Monoamine Release during Unihemispheric Sleep and Unihemispheric Waking in the Fur Seal

Lyamin OI, Lapierre JL, Kosenko PO, Kodama T, Bhagwandin A, Korneva SM, Peever JH, Mukhametov LM, Siegel JM

Sleep 2016;39(3):625-36

PMID: 26715233

Abstract

STUDY OBJECTIVES: Our understanding of the role of neurotransmitters in the control of the electroencephalogram (EEG) has been entirely based on studies of animals with bilateral sleep. The study of animals with unihemispheric sleep presents the opportunity of separating the neurochemical substrates of waking and sleep EEG from the systemic, bilateral correlates of sleep and waking states.

METHODS: The release of histamine (HI), norepinephrine (NE), and serotonin (5HT) in cortical and subcortical areas (hypothalamus, thalamus and caudate nucleus) was measured in unrestrained northern fur seals (Callorhinus ursinus) using in vivo microdialysis, in combination with, polygraphic recording of EEG, electrooculogram, and neck electromyogram.

RESULTS: The pattern of cortical and subcortical HI, NE, and 5HT release in fur seals is similar during bilaterally symmetrical states: highest in active waking, reduced in quiet waking and bilateral slow wave sleep, and lowest in rapid eye movement (REM) sleep. Cortical and subcortical HI, NE, and 5HT release in seals is highly elevated during certain waking stimuli and behaviors, such as being sprayed with water and feeding. However, in contrast to acetylcholine (ACh), which we have previously studied, the release of HI, NE, and 5HT during unihemispheric sleep is not lateralized in the fur seal.

CONCLUSIONS: Among the studied neurotransmitters most strongly implicated in waking control, only ACh release is asymmetric in unihemispheric sleep and waking, being greatly increased on the activated side of the brain.

COMMENTARY: A commentary on this article appears in this issue on page 491.

Cataplexy-clinical aspects, pathophysiology and management strategy

Dauvilliers Y, Siegel JM, Lopez R, Torontali ZA, Peever JH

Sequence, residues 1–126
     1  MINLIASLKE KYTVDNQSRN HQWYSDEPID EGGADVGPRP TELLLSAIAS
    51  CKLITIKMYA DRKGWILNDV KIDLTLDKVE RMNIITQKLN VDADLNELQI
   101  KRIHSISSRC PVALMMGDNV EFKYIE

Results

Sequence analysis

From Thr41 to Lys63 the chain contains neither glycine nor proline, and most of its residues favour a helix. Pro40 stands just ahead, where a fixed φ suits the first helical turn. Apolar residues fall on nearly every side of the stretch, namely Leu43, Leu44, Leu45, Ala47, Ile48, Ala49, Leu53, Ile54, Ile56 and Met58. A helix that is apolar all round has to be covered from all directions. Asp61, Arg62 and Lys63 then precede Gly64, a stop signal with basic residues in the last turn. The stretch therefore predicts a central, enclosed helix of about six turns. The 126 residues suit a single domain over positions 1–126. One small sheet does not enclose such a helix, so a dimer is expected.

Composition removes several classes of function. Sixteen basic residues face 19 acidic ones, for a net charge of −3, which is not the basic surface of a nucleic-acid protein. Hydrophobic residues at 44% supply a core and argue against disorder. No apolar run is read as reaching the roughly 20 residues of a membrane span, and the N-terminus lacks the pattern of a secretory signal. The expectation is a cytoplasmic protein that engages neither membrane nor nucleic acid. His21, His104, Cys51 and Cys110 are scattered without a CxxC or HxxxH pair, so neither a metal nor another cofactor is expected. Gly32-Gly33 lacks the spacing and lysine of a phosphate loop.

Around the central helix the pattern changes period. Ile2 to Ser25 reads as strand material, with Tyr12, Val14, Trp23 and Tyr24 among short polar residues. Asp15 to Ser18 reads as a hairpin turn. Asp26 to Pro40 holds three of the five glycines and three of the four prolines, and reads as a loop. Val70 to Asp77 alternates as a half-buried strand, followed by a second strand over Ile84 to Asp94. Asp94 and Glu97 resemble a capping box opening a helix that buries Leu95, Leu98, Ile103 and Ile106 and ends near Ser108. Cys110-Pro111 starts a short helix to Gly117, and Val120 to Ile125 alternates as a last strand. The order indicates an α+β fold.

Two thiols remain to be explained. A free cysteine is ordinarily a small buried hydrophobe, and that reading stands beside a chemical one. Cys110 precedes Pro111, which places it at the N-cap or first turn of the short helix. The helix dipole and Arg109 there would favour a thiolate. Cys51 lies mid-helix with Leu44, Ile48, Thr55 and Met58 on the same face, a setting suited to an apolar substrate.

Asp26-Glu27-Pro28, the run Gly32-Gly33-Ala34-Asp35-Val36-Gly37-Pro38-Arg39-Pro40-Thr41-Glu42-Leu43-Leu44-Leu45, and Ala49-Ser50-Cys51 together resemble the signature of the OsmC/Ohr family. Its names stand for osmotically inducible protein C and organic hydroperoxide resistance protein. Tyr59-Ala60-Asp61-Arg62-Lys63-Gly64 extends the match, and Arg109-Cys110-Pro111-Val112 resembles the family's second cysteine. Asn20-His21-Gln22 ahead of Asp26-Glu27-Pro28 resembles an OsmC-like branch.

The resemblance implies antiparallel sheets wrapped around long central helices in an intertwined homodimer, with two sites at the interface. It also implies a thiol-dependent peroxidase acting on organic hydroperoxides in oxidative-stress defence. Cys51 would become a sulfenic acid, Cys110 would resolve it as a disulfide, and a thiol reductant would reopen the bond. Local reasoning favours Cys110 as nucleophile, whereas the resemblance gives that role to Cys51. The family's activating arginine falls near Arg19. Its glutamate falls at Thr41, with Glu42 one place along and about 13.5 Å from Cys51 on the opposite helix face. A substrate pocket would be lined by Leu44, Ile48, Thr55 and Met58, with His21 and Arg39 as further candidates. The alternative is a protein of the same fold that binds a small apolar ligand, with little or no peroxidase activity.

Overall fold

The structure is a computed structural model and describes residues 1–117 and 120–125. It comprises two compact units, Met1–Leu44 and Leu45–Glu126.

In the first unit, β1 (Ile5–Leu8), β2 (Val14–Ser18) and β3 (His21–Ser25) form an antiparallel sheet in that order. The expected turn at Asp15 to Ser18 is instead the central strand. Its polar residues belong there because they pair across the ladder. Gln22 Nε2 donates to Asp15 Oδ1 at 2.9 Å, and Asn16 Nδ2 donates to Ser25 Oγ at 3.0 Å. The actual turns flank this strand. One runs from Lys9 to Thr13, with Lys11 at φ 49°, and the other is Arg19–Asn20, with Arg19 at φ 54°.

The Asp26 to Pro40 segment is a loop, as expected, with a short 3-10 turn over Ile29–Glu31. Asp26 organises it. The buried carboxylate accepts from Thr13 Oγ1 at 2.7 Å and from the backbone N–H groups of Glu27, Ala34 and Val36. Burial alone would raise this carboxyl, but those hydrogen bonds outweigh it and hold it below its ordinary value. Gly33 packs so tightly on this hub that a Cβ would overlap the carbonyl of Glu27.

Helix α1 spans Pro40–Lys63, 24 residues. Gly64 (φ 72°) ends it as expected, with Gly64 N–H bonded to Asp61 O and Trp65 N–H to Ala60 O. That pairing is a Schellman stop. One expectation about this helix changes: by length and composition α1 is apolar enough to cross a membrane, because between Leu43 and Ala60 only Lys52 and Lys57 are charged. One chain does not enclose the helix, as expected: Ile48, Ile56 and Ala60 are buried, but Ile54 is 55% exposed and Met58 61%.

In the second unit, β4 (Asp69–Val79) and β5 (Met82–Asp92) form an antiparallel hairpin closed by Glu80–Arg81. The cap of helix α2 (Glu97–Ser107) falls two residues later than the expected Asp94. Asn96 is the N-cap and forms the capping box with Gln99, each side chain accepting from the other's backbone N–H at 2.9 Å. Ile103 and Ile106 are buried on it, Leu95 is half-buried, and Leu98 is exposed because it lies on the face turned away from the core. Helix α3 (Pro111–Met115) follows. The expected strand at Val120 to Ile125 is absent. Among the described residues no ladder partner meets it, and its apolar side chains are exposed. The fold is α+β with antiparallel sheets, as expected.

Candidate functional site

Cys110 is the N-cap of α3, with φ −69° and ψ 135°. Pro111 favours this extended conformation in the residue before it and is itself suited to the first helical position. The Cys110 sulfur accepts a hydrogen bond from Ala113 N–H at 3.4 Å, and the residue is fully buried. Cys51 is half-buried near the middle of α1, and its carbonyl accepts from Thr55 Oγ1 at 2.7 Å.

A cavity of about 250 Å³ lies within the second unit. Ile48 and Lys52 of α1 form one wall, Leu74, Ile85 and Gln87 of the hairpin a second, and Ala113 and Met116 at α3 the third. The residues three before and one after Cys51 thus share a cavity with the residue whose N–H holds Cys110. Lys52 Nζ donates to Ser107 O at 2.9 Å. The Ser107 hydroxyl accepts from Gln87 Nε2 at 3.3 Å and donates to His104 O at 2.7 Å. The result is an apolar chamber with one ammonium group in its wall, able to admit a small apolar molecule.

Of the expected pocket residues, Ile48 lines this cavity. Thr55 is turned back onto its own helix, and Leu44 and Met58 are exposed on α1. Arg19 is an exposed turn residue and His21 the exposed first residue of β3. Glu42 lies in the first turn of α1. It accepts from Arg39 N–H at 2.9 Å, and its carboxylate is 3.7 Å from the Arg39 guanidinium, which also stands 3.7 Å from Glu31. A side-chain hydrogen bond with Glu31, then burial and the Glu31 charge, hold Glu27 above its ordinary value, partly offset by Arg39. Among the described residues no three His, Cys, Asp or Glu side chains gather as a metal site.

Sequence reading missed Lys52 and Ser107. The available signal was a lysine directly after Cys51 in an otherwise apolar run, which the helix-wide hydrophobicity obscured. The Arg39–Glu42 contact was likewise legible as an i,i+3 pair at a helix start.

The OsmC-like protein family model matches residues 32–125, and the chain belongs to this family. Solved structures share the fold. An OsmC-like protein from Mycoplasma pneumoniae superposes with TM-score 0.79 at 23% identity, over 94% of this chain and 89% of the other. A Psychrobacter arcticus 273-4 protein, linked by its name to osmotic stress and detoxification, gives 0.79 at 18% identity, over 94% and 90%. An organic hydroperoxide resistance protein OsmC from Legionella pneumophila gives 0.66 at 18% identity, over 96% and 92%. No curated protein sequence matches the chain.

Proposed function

Nat Rev Neurol 2014 Jul;10(7):386-95

PMID: 24890646

Abstract

Cataplexy is the pathognomonic symptom of narcolepsy, and is the sudden uncontrollable onset of skeletal muscle paralysis or weakness during wakefulness. Cataplexy is incapacitating because it leaves the individual awake but temporarily either fully or partially paralyzed. Occurring spontaneously, cataplexy is typically triggered by strong positive emotions such as laughter and is often underdiagnosed owing to a variable disease course in terms of age of onset, presenting symptoms, triggers, frequency and intensity of attacks. This disorder occurs almost exclusively in patients with depletion of hypothalamic orexin neurons. One pathogenetic mechanism that has been hypothesized for cataplexy is the activation, during wakefulness, of brainstem circuitry that normally induces muscle tone suppression in rapid eye movement sleep. Muscle weakness during cataplexy is caused by decreased excitation of noradrenergic neurons and increased inhibition of skeletal motor neurons by γ-aminobutyric acid-releasing or glycinergic neurons. The amygdala and medial prefrontal cortex contain neural pathways through which positive emotions probably trigger cataplectic attacks. Despite major advances in understanding disease mechanisms in cataplexy, therapeutic management is largely symptomatic, with antidepressants and γ-hydroxybutyrate being the most effective treatments. This Review describes the clinical and pathophysiological aspects of cataplexy, and outlines optimal therapeutic management strategies.